Sheryl Sandberg sold nearly 1 million shares of Facebook stock worth $26.2 million last week, according to an SEC filing Friday, marking her biggest sell-off to date by far.
The Facebook COO has been offloading her shares in small batches since the beginning of November, selling 353,000 shares on Nov. 2, 176,000 shares on Nov. 8 and 176,452 shares on Nov. 20. In total, Sandberg has now sold off 1.65 million shares worth about $41.5 million. If you factor in the additional 429,184 shares she donated to an undisclosed recipient in the beginning of this month, Sandberg has now reduced her stake in the company by more than 2 million shares.
While these numbers might sound large, they still represent just a small fraction of Sandberg’s Facebook shares. Sandberg currently has some 18.7 million shares of Facebook stock. What’s more, VentureBeat reports that the latest sell-off was triggered automatically by Facebook stock reaching a certain price threshold, suggesting that it nothing to do with Sandberg’s faith in the company’s long-term potential.
Still, whenever a high-ranking executive at a public company sells shares, it can be cause for concern among investors.
“Under any circumstance, it is sub-optimal for a director of a public company to sell shares. Period,” said Brian Wieser, a senior analyst at Pivotal Research Group.
Apparently recognizing this, several key figures at Facebook have gone on record saying they will not sell their shares in the short-term. Facebook’s CEO and co-founder Mark Zuckerberg pledged in September not to sell any shares for at least the next year. At the same time, two members of Facebook’s board of directors — Marc Andreessen and Donald Graham — promised not to sell off any shares beyond what they need to cover taxes.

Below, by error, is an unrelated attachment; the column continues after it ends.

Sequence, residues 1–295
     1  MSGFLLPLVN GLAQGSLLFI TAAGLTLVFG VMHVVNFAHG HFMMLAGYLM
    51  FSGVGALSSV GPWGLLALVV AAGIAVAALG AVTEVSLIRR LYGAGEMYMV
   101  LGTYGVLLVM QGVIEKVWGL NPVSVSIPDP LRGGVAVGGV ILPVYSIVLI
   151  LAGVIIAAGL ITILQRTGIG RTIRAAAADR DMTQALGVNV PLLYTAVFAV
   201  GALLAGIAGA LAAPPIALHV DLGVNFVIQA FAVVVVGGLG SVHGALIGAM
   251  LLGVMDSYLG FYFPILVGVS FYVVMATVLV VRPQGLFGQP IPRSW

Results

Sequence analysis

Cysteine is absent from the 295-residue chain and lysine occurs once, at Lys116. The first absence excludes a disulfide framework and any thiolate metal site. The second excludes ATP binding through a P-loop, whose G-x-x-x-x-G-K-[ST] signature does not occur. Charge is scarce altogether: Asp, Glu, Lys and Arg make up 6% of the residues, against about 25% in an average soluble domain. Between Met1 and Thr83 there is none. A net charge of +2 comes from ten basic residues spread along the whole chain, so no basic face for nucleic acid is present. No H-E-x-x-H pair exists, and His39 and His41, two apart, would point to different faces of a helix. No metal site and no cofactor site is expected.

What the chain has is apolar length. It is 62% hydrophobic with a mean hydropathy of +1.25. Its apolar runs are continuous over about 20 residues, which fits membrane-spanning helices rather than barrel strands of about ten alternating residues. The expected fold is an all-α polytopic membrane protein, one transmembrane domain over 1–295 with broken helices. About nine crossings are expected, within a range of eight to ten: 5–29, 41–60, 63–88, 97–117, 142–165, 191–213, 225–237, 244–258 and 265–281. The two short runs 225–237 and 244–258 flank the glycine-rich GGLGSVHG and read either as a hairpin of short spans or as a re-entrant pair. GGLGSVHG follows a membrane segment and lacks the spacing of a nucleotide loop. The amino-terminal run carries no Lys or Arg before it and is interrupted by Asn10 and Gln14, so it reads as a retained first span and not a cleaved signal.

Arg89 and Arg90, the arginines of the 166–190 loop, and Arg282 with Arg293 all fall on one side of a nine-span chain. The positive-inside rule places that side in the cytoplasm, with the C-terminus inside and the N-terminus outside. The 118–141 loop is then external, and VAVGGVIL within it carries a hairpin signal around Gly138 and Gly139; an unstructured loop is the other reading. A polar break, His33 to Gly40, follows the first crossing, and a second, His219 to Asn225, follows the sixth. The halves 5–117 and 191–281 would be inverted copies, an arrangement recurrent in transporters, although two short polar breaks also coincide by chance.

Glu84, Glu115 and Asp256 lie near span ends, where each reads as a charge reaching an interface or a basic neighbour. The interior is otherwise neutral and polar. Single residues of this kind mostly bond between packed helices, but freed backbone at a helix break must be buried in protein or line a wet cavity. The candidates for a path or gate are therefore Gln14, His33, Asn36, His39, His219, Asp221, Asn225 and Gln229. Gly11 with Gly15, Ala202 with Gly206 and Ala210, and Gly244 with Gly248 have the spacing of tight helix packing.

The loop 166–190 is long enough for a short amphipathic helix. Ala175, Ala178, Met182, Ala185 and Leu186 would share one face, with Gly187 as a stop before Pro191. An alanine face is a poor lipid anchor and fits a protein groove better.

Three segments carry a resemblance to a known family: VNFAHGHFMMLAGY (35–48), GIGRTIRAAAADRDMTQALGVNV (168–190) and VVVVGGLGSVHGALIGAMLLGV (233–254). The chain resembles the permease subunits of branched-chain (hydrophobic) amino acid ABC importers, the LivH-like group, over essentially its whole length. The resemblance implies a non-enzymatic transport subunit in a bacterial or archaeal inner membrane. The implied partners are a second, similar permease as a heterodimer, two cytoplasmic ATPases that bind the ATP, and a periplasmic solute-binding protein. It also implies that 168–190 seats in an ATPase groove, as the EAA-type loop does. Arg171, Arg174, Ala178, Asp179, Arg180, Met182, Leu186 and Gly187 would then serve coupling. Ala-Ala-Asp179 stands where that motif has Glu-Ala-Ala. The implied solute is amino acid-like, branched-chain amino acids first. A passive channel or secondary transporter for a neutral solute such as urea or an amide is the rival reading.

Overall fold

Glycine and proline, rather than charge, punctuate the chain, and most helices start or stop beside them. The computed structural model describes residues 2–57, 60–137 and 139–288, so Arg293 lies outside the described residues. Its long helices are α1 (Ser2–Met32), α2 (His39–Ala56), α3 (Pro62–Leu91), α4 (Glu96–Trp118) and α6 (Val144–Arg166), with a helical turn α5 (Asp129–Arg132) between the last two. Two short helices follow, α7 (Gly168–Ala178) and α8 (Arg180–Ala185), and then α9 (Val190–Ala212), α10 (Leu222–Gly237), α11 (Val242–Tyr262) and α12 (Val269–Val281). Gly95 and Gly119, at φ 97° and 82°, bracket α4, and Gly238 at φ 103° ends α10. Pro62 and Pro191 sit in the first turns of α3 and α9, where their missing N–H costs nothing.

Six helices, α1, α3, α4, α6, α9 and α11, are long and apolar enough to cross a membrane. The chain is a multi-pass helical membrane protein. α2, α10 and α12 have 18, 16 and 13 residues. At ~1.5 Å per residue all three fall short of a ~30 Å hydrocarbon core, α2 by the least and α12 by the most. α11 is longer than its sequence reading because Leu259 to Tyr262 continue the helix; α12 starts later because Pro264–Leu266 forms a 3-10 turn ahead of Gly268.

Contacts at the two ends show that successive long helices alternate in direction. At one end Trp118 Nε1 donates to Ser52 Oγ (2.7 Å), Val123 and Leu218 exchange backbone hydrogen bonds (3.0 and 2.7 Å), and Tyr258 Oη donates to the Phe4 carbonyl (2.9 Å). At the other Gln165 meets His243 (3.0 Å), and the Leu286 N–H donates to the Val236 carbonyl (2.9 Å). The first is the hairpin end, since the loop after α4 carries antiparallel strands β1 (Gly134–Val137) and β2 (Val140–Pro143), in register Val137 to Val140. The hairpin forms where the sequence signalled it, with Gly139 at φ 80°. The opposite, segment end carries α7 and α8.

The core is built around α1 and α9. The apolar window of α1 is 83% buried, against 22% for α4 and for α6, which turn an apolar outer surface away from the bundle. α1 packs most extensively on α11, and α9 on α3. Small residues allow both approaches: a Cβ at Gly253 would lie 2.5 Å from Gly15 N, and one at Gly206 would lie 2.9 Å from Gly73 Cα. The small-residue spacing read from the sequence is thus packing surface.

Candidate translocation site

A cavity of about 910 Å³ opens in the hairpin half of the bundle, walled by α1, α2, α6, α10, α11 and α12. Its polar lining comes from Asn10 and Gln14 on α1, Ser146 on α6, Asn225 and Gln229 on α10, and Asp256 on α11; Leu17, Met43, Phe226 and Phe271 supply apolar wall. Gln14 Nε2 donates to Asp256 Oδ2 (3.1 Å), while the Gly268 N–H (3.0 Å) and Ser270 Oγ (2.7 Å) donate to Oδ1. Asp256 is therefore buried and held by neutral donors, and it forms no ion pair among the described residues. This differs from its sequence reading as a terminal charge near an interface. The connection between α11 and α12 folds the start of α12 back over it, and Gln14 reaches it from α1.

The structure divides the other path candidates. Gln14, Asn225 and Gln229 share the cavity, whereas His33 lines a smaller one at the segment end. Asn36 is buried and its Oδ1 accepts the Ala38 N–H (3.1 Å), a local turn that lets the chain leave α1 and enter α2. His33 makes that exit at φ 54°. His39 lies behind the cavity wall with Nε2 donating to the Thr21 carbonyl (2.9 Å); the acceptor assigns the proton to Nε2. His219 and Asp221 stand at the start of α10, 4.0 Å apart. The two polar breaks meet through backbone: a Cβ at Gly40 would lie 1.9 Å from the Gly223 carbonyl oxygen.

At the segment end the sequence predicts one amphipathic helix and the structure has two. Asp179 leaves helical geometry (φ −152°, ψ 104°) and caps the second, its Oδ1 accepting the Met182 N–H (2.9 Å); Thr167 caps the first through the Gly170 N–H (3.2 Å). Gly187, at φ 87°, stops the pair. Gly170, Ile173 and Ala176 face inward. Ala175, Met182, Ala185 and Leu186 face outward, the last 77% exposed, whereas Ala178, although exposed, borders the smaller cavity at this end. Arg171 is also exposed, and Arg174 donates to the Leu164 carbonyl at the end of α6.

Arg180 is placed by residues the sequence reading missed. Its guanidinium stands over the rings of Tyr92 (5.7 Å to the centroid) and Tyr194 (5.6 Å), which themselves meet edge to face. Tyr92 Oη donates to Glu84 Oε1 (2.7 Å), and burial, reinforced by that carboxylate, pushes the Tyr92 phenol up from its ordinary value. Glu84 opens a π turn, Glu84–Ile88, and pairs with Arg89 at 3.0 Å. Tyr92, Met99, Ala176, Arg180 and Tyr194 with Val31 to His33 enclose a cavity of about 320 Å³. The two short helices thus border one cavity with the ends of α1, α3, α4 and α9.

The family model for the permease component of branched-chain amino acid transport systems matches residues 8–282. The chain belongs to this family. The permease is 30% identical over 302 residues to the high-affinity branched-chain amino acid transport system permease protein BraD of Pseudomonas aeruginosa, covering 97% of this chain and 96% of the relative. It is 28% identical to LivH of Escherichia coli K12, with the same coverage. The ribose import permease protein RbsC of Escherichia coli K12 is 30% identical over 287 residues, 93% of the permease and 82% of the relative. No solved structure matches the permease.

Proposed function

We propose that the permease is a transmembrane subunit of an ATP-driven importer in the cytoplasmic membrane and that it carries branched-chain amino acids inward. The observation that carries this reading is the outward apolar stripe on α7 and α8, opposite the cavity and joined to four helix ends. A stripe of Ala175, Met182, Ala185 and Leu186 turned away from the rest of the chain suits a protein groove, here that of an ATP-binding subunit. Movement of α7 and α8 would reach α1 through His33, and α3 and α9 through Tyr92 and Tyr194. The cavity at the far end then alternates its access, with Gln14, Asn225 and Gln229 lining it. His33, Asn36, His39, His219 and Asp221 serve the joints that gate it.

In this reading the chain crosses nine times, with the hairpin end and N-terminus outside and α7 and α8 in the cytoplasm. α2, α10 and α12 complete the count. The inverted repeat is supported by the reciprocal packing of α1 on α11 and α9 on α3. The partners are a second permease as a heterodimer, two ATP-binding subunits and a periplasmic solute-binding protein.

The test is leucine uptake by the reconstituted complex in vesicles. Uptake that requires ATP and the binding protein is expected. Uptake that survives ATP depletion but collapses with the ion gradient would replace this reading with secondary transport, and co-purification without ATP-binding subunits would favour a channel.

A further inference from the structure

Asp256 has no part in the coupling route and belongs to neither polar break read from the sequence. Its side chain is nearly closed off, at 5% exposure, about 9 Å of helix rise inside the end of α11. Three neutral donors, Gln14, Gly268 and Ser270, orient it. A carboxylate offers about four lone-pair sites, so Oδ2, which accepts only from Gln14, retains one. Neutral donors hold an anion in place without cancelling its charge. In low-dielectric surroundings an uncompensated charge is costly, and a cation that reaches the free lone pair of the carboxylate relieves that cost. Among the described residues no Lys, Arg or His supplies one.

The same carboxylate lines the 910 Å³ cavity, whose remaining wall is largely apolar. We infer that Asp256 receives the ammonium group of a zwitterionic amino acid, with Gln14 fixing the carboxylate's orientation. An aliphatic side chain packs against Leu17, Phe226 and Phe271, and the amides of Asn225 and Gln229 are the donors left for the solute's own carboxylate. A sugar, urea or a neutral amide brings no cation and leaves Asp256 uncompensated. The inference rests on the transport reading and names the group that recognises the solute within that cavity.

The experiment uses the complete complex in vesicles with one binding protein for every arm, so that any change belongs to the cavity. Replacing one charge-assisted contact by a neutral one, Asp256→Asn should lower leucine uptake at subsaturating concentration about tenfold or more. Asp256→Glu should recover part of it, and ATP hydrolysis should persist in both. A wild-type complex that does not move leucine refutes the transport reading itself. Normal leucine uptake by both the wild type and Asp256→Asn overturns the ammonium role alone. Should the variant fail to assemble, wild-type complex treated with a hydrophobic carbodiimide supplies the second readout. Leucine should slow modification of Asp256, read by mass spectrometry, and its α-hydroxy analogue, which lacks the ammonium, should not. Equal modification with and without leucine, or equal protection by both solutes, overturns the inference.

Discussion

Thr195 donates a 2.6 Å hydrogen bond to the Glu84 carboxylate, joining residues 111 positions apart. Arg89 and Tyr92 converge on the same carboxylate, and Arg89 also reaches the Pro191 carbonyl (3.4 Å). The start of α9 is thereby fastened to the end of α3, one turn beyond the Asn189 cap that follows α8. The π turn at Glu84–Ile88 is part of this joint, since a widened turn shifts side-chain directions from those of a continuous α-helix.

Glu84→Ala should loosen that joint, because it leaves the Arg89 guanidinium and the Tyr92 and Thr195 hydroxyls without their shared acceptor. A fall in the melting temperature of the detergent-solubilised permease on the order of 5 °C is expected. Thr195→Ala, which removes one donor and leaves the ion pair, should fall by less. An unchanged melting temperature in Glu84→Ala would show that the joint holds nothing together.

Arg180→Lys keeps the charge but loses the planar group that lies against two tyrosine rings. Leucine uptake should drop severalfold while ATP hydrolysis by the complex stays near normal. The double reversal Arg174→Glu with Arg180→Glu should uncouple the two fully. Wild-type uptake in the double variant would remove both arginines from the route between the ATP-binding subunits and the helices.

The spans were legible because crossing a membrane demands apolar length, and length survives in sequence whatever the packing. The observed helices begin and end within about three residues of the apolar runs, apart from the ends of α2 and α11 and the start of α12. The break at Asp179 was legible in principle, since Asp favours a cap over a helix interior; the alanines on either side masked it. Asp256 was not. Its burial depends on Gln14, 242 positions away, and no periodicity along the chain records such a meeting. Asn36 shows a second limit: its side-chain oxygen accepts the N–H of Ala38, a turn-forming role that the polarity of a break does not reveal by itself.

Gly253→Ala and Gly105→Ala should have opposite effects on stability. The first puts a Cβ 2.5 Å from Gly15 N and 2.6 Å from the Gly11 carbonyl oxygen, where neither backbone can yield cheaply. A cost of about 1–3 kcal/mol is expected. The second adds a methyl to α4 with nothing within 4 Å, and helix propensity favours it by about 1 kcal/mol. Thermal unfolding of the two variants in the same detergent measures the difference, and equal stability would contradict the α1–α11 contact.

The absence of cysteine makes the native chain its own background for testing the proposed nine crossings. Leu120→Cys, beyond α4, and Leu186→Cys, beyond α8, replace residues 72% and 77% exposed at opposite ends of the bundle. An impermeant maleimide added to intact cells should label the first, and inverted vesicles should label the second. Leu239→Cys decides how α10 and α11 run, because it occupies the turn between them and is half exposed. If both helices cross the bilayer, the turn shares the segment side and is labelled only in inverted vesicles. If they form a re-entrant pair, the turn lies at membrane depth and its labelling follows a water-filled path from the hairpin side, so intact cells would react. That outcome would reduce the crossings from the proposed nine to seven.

These announcements came shortly after Peter Thiel, another prominent member of Facebook’s board, sold off the majority of his 26.2 million shares of Facebook, pushing the stock price down to a new low.
Facebook’s CEO and co-founder Mark Zuckerberg sold off a batch of shares on the day of the IPO, but pledged in September not to sell any more of his shares for at least the next year. The commitment of Zuckerberg and others to not sell helped bring the stock back — but Sandberg never made such a commitment herself.
While Sandberg’s sell-off has been much more modest than Thiel’s, Wieser says the concern is whether it means Sandberg’s interests as an investor are still aligned with those of other Facebook investors. For the time being, though, Wieser isn’t particularly worried considering that Facebook’s stock is trending upwards.
“Clearly, on an individual level, it’s a meaningful amount of money, so you’re hard-pressed to begrudge someone on a practical level for that,” Wieser said. “As long as it’s not that she sold and then the company is tanking. This doesn’t read as her losing confidence in the company.”
Even so, Wieser argued that Facebook and Sandberg should put out an explanation about what her selling plan is — something as simple as “doing this for personal financial planning” — just as a matter of good corporate governance.
Image courtesy of Flickr, World Economic Forum.